David
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New guy from NJ-oven-bread.jpg  
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  #16  
Old 09-14-2012, 07:33 AM
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Join Date: Sep 2012
Location: NJ
Posts: 12
Default Re: New guy from NJ

Looks great - I bet it was delicious!

I fired mine a bit more aggressively last night and some small cracks appeared. I'm not sure there is any way to prevent it with such a tick, heavy structure.

I'm going to make pizza this weekend, I'll report back with my success or failure, lol..
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  #17  
Old 09-14-2012, 09:05 PM
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Location: Macon Georgia
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Default Re: New guy from NJ

I found that having the fire to the side rather than at the back of the oven made it easier to get the pizza cooked more evenly.

I used dough from the book Artisen Bread in 5 minutes a day.

Good luck with your Pizzas.

David
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  #18  
Old 09-15-2012, 04:18 AM
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Default Re: New guy from NJ

Try getting your ovens up to 900F. Bet it will be very difficult. Dome ovens are not that difficult to build, particularly with the "indispensable tool" (IT). Sorry to say, that design wasn't given much thought. It may cook a pizza but that's about it. Of course, if you have never cooked with a properly designed oven, you wouldn't know the difference.

With a properly insulated oven, the exterior should not be warm to the touch.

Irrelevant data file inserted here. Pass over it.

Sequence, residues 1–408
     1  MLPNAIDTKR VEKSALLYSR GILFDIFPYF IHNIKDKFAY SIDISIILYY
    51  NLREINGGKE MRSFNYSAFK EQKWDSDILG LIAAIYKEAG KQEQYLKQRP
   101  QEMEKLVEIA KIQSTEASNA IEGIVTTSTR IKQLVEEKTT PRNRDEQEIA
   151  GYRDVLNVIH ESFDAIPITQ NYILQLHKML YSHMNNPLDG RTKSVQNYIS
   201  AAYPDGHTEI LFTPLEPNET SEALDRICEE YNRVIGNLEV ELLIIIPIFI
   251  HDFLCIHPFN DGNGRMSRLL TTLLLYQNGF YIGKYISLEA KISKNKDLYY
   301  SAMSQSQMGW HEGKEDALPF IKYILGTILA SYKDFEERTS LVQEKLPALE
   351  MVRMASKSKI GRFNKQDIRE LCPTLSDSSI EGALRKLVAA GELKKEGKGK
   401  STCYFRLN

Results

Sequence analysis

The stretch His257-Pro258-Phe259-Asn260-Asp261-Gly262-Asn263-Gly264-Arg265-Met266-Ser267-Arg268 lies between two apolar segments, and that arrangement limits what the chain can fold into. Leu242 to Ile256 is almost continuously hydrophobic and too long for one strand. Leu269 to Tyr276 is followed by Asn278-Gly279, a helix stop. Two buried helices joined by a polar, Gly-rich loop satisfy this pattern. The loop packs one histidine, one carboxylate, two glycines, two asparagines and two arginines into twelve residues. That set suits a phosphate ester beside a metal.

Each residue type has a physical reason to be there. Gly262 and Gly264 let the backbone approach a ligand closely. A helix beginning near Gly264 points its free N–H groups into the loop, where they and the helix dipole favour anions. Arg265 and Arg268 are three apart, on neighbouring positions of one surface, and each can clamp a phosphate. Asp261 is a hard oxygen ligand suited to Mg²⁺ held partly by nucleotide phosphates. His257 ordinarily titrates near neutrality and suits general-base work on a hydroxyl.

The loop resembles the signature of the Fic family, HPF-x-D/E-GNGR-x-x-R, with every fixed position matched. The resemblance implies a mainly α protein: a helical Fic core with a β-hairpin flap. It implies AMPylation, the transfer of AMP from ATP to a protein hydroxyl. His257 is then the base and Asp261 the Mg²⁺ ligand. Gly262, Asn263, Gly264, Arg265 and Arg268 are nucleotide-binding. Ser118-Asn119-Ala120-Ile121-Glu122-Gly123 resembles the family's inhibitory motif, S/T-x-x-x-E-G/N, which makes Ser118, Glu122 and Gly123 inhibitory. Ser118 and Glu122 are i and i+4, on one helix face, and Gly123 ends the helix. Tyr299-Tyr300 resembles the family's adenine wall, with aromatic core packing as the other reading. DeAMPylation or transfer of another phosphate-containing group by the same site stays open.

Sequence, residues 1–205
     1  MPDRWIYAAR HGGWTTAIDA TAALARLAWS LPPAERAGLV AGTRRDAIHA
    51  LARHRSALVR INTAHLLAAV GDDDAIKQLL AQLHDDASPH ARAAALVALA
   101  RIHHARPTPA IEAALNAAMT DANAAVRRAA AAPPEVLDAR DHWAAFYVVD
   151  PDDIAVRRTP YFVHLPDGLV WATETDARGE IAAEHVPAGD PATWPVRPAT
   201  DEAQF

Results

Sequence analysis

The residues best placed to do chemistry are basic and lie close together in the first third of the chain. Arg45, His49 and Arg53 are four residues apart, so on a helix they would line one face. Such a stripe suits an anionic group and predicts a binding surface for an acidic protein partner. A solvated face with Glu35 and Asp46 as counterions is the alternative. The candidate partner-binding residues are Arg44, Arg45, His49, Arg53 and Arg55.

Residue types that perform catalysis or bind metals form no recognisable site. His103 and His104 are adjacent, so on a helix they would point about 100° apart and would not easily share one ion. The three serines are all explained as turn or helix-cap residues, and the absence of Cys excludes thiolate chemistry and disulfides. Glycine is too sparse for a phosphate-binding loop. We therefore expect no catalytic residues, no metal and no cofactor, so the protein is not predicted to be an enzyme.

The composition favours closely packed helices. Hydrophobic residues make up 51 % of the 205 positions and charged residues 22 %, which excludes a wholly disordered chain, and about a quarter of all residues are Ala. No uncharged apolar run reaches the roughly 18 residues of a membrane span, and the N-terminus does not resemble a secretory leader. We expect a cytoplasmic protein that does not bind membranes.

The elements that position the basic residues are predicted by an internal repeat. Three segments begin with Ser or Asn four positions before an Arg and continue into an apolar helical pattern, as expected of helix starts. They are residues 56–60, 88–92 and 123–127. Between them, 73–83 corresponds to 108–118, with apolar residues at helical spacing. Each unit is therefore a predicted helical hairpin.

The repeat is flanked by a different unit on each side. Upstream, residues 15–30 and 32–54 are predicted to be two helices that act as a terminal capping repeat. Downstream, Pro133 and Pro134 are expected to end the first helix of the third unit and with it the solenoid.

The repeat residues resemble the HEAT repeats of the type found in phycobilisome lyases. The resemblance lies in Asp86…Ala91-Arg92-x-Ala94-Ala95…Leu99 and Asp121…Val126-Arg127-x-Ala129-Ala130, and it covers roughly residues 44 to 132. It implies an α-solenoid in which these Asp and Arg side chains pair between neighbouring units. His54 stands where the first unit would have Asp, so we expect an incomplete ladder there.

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  #19  
Old 09-15-2012, 04:45 AM
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Default Re: New guy from NJ

Heat transfer depends on the delta T btw the interior oven surface and the outside of the bricks in your case. That is 650 - 110 = 540. The bigger that number is the more you are trying to heat up the universe. Insulation will help, but then you have the two big holes (door and flue) that are dumping your heat out of the oven. The second law of thermodynamics says the the universe moves to disorder (randomness). An oven is a very ordered system and is all the time trying to move in the direction of disorder, unless you do something to prevent that, like insulation. If you throw a bucket of tennis balls into a room they will come to rest in a random manner, they will not all rush to one corner of the room. It just doesn't happen. That is what you are asking the heat to do, stay in the oven. It's not going to happen.

This forum has a vast knowledge of WFOs and expertise in making well designed WFOs. If you don't want to take their advice, you should go elsewhere.
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  #20  
Old 09-15-2012, 06:14 PM
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Location: NJ
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Default Re: New guy from NJ

Quote:
Originally Posted by lwood View Post
Heat transfer depends on the delta T btw the interior oven surface and the outside of the bricks in your case. That is 650 - 110 = 540. The bigger that number is the more you are trying to heat up the universe. Insulation will help, but then you have the two big holes (door and flue) that are dumping your heat out of the oven. The second law of thermodynamics says the the universe moves to disorder (randomness). An oven is a very ordered system and is all the time trying to move in the direction of disorder, unless you do something to prevent that, like insulation. If you throw a bucket of tennis balls into a room they will come to rest in a random manner, they will not all rush to one corner of the room. It just doesn't happen. That is what you are asking the heat to do, stay in the oven. It's not going to happen.

This forum has a vast knowledge of WFOs and expertise in making well designed WFOs. If you don't want to take their advice, you should go elsewhere.

People are having a nice conversation here. Im not sure where the comment "If you don't want to take their advice, you should go elsewhere" came from. Did it make you feel good to say?

Last edited by DJVoorhees; 09-15-2012 at 06:16 PM.